While Kickstarter and its crowdfunding cousins have helped launch a lot of interesting projects that might otherwise have languished in oblivion, they’ve also provided a platform for the weird and the wasteful. The most infamous example of the latter happened last September, when Ohio resident Zack Brown managed to raise $55,000 to make a potato salad.
Brown’s Kickstarter began as a joke, but the really weird ones aren’t joking. Aaron Schlechter seems to be trying to raise the bar on absurd crowdfunding projects. Schlechter thinks that he has a gift for naming dogs. He also thinks that a lot of people are in desperate need of his gift, because they keep on giving their dogs lousy names.
So, he started a Kickstarter campaign that would allow him to promote his skill and name dogs for money. As he saw it, this was a great humanitarian venture. “Don’t die alone just because you’re terrible at naming dogs and people are constantly judging you because of it,” his Kickstarter page says. “Let me name your dog.”
Unfortunately for Schlechter, it turns out that Kickstarter does have some standards about what you can do on their site, and it shut down his campaign. Not because the campaign was silly, but because it failed to meet the first qualification of Kickstarter’s guidelines. At the end of your campaign, you have to actually create something:
Projects must create something to share with others.
Kickstarter can be used to create all sorts of things: art and gadgets, events and spaces, ideas and experiences. But every project needs a plan for creating something and sharing it with the world. At some point, the creator should be able to say: “It’s finished. Here’s what we created. Enjoy!”
So, Schlechter had to tweak his campaign a little bit to focus on producing a book about naming dogs. In his original campaign, the book was just something that he might get around to someday if he had the time/inclination. Now, it’s the primary goal.
But Schlechter has a new goal now, too. Thanks to Kickstarter’s lack of appreciation for his dog-naming mission, he thinks that the whole company needs a change. His goal to produce the book is $3,700. But if he raises more than that — if he can extend his fundraising to $1.2 billion, he wants to buy Kickstarter outright and make it into a dog-naming site. According to him, it should be easy:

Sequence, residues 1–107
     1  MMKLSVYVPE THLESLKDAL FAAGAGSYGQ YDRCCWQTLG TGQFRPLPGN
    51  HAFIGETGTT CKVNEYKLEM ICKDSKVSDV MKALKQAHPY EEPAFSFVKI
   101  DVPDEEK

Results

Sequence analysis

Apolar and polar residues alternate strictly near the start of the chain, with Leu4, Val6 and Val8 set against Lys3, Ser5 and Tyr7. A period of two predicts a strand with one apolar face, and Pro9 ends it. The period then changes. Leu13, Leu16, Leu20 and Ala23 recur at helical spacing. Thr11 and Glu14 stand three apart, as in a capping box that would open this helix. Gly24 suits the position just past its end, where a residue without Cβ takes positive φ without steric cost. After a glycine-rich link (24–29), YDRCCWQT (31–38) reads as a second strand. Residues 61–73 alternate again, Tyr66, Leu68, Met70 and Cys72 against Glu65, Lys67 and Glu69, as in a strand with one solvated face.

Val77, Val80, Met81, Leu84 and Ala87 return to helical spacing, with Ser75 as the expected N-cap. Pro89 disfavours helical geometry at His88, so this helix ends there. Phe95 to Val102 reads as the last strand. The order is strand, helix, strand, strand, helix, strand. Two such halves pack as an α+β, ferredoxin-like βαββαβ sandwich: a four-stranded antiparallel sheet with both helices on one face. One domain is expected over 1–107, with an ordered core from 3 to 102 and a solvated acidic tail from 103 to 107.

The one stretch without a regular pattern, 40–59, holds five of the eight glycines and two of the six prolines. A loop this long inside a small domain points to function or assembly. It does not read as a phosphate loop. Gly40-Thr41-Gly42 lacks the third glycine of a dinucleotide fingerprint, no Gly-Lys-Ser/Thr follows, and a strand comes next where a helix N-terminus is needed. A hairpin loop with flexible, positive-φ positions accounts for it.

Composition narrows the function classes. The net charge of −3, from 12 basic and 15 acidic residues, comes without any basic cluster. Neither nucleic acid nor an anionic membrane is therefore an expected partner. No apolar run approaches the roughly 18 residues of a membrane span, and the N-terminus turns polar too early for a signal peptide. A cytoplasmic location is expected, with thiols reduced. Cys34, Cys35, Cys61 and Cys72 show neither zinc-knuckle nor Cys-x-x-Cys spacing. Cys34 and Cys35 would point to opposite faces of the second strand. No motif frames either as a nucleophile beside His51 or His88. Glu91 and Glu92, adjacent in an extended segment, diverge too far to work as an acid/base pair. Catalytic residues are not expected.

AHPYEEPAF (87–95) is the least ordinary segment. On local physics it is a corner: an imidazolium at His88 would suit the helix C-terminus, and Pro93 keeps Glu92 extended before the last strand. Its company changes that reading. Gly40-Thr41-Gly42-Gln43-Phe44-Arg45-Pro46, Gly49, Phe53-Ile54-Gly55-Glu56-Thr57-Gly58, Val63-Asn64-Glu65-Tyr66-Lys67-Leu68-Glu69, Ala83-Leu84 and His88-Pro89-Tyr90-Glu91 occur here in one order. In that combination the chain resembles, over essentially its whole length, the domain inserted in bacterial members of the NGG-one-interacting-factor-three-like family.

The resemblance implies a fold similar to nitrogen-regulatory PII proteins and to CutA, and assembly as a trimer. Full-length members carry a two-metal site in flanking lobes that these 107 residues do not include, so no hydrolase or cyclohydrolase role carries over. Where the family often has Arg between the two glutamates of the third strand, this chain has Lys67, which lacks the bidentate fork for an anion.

If I raise $1,200,000,000, however, I plan to buy Kickstarter and amend its rules so only projects related to the naming of dogs will be allowed on this site. That may seem like a stretch, but think about it–if only one out of every six people on earth donates $1 for me to name their dog “Donald” then we’re in business.
Well, only 1 in 6 people out of the entire planet. That should be a snap, then.
Of course, the question immediately comes to mind: If Schlechter is such a genius at naming dogs, why in the world is “Donald” his ideal choice for 1.2 billion dogs? Even considering that that’s the cheapie option, it doesn’t seem terribly original, especially when you consider the allegedly dire consequences of giving your dog the wrong name. According to Schlechter:
If you name a dog the wrong name it’s not just you that has to deal with the consequences. Your poor dog will have to too. Its feelings are going to be hurt terribly like a bee that stings a person that it thinks is a threat to the hive it lives in on and off, only to realize that that person was actually bringing all the bees Capri Sun and orange wedges and that the kind-hearted soul is now going to die of anaphylactic shock because they accidentally took a sharpie with them that morning instead of their epinephrine pen and the bee is going to die too because that’s what happens to bees when they sting. Yeah. Terribly. You don’t want that on your conscience, do you? I don’t want it on your conscience. So let me name your dog.
In some ways, I stand in awe of Schlechter, or at least his prose. Some of the passages make me long for the coherent, well-composed text on a bottle of Dr. Bronner’s Soap.
There seems to be little chance that either the book or Schlecter’s planned corporate takeover will happen. As of right now, he has $575 pledged out of $3,700. Granted, there are still 23 days left, but at this rate, he’s not going to be crossing the billion mark — or even the million mark — any time soon.
If you feel tempted to help out, whether out of pity or a sense of absurdity, or just because you want your dog to be officially named Donald, here’s some advice: Don’t. Just don’t.
Read more news about dogs on Dogster: